Section 4.5 — Model selection#

This notebook contains the code examples from Section 4.5 Model selection from the No Bullshit Guide to Statistics.

Notebook setup#

# load Python modules
import os
import numpy as np
import pandas as pd
import seaborn as sns
import matplotlib.pyplot as plt
# Figures setup
plt.clf()  # needed otherwise `sns.set_theme` doesn't work
from plot_helpers import RCPARAMS
# RCPARAMS.update({'figure.figsize': (10, 3)})   # good for screen
RCPARAMS.update({'figure.figsize': (5, 1.6)})  # good for print
sns.set_theme(
    context="paper",
    style="whitegrid",
    palette="colorblind",
    rc=RCPARAMS,
)

# High-resolution please
%config InlineBackend.figure_format = 'retina'

# Where to store figures
DESTDIR = "figures/lm/modelselection"
<Figure size 640x480 with 0 Axes>
# set random seed for repeatability
np.random.seed(42)

Players dataset#

players_full = pd.read_csv("../datasets/players_full.csv")

Plot of linear model for time ~ 1 + age#

sns.lmplot(x="age", y="time", data=players_full)
<seaborn.axisgrid.FacetGrid at 0x7fb9fe487a60>
../_images/d7fa2266f685b3439210452fb0de308c2d0447d674caab9c44e92324e8e34bdd.png
import statsmodels.formula.api as smf

model1 = smf.ols('time ~ 1 + age', data=players_full)
result1 = model1.fit()
result1.summary()
/opt/hostedtoolcache/Python/3.8.18/x64/lib/python3.8/site-packages/scipy/stats/_stats_py.py:1736: UserWarning: kurtosistest only valid for n>=20 ... continuing anyway, n=12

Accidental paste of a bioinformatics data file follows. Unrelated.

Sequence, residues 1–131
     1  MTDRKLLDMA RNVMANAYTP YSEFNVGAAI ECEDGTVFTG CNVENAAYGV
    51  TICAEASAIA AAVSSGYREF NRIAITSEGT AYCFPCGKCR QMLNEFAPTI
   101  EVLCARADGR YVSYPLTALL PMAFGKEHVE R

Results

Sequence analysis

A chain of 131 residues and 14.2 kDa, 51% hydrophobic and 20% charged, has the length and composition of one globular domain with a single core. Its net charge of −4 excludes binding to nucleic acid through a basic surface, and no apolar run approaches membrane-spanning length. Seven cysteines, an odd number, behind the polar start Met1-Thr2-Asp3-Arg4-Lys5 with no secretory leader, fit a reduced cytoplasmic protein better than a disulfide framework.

warnings.warn("kurtosistest only valid for n>=20 ... continuing "
OLS Regression Results
Dep. Variable: time R-squared: 0.260
Model: OLS Adj. R-squared: 0.186
Method: Least Squares F-statistic: 3.516
Date: Sun, 14 Apr 2024 Prob (F-statistic): 0.0902
Time: 03:17:26 Log-Likelihood: -72.909
No. Observations: 12 AIC: 149.8
Df Residuals: 10 BIC: 150.8
Df Model: 1
Covariance Type: nonrobust
coef std err t P>|t| [0.025 0.975]
Intercept 403.8531 88.666 4.555 0.001 206.292 601.414
age -4.5658 2.435 -1.875 0.090 -9.991 0.859
Omnibus: 2.175 Durbin-Watson: 2.490
Prob(Omnibus): 0.337 Jarque-Bera (JB): 0.930
Skew: -0.123 Prob(JB): 0.628
Kurtosis: 1.659 Cond. No. 97.0


Notes:
[1] Standard Errors assume that the covariance matrix of the errors is correctly specified.

Plot of linear model for time ~ 1 + age + jobstatus#

We can “control for jobstatus” by including the variable in the linear model. Essentially, we’re fitting two separate models, one for jobstatus=0 players and one for jobstatus=1 players.

sns.lmplot(x="age", y="time", hue="jobstatus", data=players_full)
<seaborn.axisgrid.FacetGrid at 0x7fb9fba4f520>
../_images/19eefe3f645a33136f90412e5106d9fa9e3a8fe96d0f803b368384650a3e917c.png
import statsmodels.formula.api as smf

model2 = smf.ols('time ~ 1 + age + C(jobstatus)', data=players_full)
result2 = model2.fit()
result2.params
# print(result2.summary().as_text())
Intercept            377.817172
C(jobstatus)[T.1]   -124.013781
age                   -1.650913
dtype: float64

Manual select subset with jobstatus 1#

# import statsmodels.formula.api as smf

# players_job1 = players_full[players_full["jobstatus"]==1]
# model3 = smf.ols('time ~ 1 + age', data=players_job1)
# result3 = model3.fit()
# result3.summary()

Example confoudouder 2#

via https://stats.stackexchange.com/a/17338/62481

import numpy as np
from scipy.stats import uniform, randint

covariate = randint(0,2).rvs(100)
exposure  = uniform(0,1).rvs(100) +  0.3 * covariate
outcome   = 2.0 + 0.5*exposure + 0.25*covariate

# covariate, exposure, outcome
df2 = pd.DataFrame({
    "covariate":covariate,
    "exposure":exposure,
    "outcome":outcome
})
sns.lmplot(x="exposure", y="outcome", data=df2)
<seaborn.axisgrid.FacetGrid at 0x7fb9f8171c70>
../_images/315c86116a31f99fb19d1c7dc5e3b52fcdd35d97e812415cd07bdc9825f6de3c.png
import statsmodels.formula.api as smf

model2a = smf.ols('outcome ~ exposure', data=df2)